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The Design of Design: Essays from a Computer Scientist

Title The Design of Design: Essays from a Computer Scientist
Authors Frederick P. Brooks Jr.
Publisher Addison-Wesley Professional
Date 2010-04-01
Pages 448
ISBN 0201362988
Rating

This is a new book by Fred Brooks, the author of much acclaimed Mythical Man-Month. Overall impression: a book of a retired professional who is doing a retrospective of his entire life: recalling how he built a house, how he wrote a book, how he worked in IBM. Such a wonderful, wonderful life. But what does it have to do with most readers who did not happen to know Fred in person, nor visited his marvelous beach house? Nothing. As another reviewer mentions on Amazon, this is a book of wandering mind.

Still, Fred is obviously a distinguished person and listening to him often pays off. But donтАЩt expect to learn any specific technique from this book. There are lots of practical guides on the Internet. The book is a collection of wisdom, most of which, however, I have heard before.

In the first few chapters the book stresses the point that design is iterative process, that it is not possible to get the design right from the very beginning. True. Then he mentions several cases of how the design of complex system was done in a wrong way. For example, designing a military chopper without consulting with pilots. Therefore, even during early design stage it is important that users be taken into consideration. And this is indeed why open-source systems are so successful тАУ because they are driven by users of the product.

Brooks mentions that earlier the designers were actually the users of the product: think of Wright brothers, Ford who rode on the car that he designed, etc. But as the time goes by this happens to change: do you think that space rocket designers are same people as astronauts? Obviously no. And this is going to happen to the software as well, Brooks claims. And I can only add that this is already happening. As a proof I can mention numerous UI frameworks that were designed by UI designers who have little connection with develop teams, not to mention the end users.

Apart from UI design, it is obvious that as the library of software components gets bigger and bigger, the process of building software becomes more like that in assembly factory: take piece labeled S1 and S2, connect them together, wrap them into S3, etc. In such a scenario the designer might not even know how to program. He can use a visual tool to create software. Is this good or bad? I always thought it was good as this makes it possible for people without programming experience to write programs. MIT Scratch is one such example, a hugely popular visual framework not just for kids.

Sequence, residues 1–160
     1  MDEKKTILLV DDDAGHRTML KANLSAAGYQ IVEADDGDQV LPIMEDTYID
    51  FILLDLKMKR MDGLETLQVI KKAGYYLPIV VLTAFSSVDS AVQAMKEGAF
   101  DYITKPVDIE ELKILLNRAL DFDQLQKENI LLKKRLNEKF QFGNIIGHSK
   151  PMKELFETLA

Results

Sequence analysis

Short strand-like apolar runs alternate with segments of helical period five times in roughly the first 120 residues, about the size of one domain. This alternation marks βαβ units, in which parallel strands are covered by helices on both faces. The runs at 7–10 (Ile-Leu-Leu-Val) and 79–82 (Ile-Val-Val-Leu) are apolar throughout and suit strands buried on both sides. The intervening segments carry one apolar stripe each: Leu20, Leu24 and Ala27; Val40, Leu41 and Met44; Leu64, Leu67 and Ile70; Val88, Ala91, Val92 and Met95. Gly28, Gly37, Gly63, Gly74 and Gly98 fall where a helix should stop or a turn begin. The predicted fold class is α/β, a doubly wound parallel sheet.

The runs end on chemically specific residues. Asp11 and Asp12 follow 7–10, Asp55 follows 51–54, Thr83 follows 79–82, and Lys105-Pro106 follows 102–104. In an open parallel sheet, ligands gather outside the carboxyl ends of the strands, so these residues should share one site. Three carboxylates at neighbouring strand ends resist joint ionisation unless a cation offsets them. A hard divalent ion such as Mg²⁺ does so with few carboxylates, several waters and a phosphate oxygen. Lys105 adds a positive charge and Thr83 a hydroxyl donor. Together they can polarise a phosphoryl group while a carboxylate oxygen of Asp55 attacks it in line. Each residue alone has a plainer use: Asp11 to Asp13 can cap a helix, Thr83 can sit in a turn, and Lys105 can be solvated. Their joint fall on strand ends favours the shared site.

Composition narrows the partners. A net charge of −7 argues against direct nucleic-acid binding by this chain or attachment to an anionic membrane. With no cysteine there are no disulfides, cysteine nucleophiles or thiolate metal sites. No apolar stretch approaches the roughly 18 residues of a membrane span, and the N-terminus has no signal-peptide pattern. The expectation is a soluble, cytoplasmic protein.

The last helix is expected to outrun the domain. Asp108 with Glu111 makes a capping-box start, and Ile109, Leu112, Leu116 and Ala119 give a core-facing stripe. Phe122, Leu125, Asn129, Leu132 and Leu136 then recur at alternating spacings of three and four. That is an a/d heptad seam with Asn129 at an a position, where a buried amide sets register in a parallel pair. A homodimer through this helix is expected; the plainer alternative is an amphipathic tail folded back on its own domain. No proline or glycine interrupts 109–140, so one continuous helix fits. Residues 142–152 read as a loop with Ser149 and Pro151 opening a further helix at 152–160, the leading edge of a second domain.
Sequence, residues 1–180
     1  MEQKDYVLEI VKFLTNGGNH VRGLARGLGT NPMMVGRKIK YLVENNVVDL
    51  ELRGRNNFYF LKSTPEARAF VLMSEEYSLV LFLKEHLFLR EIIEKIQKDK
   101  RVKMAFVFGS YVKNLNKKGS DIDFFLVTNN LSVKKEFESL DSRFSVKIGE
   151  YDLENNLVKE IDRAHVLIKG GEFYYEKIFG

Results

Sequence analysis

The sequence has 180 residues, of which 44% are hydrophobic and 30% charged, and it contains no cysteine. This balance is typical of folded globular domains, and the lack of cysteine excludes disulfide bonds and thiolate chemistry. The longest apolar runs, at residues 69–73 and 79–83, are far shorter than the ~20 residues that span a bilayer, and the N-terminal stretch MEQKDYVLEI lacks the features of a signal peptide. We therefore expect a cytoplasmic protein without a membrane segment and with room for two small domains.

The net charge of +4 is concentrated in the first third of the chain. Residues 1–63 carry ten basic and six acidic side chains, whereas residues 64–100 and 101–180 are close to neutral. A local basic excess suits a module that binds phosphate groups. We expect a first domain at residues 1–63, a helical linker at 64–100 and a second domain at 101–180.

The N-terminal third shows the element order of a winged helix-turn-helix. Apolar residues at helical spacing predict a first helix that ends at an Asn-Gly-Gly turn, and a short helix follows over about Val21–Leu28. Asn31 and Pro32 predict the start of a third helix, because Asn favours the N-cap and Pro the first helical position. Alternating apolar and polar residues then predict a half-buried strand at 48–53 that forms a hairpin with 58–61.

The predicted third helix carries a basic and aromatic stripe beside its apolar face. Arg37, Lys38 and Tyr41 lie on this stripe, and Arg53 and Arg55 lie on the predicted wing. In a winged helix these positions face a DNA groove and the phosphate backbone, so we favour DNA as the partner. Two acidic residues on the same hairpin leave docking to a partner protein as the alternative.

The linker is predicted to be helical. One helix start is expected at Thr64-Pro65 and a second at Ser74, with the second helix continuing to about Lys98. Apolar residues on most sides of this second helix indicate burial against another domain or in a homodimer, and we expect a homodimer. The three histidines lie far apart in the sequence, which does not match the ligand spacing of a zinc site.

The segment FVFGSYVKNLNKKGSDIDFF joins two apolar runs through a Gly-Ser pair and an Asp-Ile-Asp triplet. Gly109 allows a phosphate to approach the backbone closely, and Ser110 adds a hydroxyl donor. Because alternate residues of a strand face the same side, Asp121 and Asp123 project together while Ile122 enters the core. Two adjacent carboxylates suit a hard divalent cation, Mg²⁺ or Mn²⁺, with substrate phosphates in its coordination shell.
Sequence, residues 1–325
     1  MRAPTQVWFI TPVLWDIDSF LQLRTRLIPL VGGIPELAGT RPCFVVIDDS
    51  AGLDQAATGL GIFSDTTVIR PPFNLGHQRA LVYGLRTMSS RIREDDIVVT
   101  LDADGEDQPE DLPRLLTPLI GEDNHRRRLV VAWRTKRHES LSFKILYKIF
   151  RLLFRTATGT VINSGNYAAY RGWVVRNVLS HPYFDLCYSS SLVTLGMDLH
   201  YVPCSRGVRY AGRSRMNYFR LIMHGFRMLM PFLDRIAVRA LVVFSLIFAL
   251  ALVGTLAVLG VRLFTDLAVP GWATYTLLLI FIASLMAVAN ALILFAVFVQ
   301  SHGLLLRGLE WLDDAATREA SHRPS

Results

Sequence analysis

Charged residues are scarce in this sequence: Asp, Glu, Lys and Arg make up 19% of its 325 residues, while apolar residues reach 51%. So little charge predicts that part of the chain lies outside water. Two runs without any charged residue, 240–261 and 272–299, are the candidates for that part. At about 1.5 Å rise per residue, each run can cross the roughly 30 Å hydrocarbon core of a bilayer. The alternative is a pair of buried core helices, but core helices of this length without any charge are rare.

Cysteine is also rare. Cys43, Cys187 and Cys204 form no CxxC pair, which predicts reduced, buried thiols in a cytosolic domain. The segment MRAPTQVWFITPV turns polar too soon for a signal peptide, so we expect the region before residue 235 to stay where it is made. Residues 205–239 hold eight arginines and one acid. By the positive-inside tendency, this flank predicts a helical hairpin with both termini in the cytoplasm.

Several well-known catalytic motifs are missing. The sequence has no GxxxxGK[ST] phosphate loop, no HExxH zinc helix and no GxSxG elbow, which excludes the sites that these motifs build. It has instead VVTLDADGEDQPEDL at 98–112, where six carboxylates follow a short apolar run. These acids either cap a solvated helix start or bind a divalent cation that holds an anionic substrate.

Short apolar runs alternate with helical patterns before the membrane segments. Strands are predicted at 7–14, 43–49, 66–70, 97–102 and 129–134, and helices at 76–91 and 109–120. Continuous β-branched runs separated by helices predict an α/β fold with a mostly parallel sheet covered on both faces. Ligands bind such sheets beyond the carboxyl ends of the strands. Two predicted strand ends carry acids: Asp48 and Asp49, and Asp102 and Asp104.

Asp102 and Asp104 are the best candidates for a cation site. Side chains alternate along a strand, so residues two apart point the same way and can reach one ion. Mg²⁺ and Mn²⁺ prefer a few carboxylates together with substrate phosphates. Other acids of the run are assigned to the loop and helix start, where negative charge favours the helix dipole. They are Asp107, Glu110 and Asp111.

In further chapters of the book Brooks delves into philosophy тАУ empiricism and rationalism. He mentions that abstract math was generated by French philosophers who were mostly into rationalism, whereas applied science was created by Brits who are into empiricism. Brooks claims that software engineering is totally empirical, that is, requires constant verification, and so is the design of software.

Then Brooks sheds light on what are the characteristics of a good design, in his opinion. The major design principles are: orthogonality, propriety, and generality. But those are just general principles. When you design something, you have to make thousands of micro-decisions and the way you make them is called style. How to achieve good style? Brooks mentions the importance of copying other peopleтАЩs styles. He says one can achieve remarkably good results by just mimicking someone else. As an example he cites music: RespighiтАЩs Ancient Dances and KreislerтАЩs Praeludium and Allegro (in the style of Pugnani). Listen to the latter, it is magnificent.

He mentions that even great composers such as J. S. Bach spent considerable amount of time studying other peopleтАЩs works. So, design is a complicated iterative process. As always, documentation plays a very important role. So how can one document the design trajectories? For that tools are needed. Brooks cites a few tools available online, but I cannot say they are mainstream. On the other hand, he fails to mention Mind Maps, a recent tool which is hugely popular among engineers.

To summarize, this book is a message from a successful engineer of previous generation of computer programmers. Can the youngsters learn something from this book? Definitely yes. On the other hand, the book will not fix the problems in existing products, but it can help prevent even more mistakes.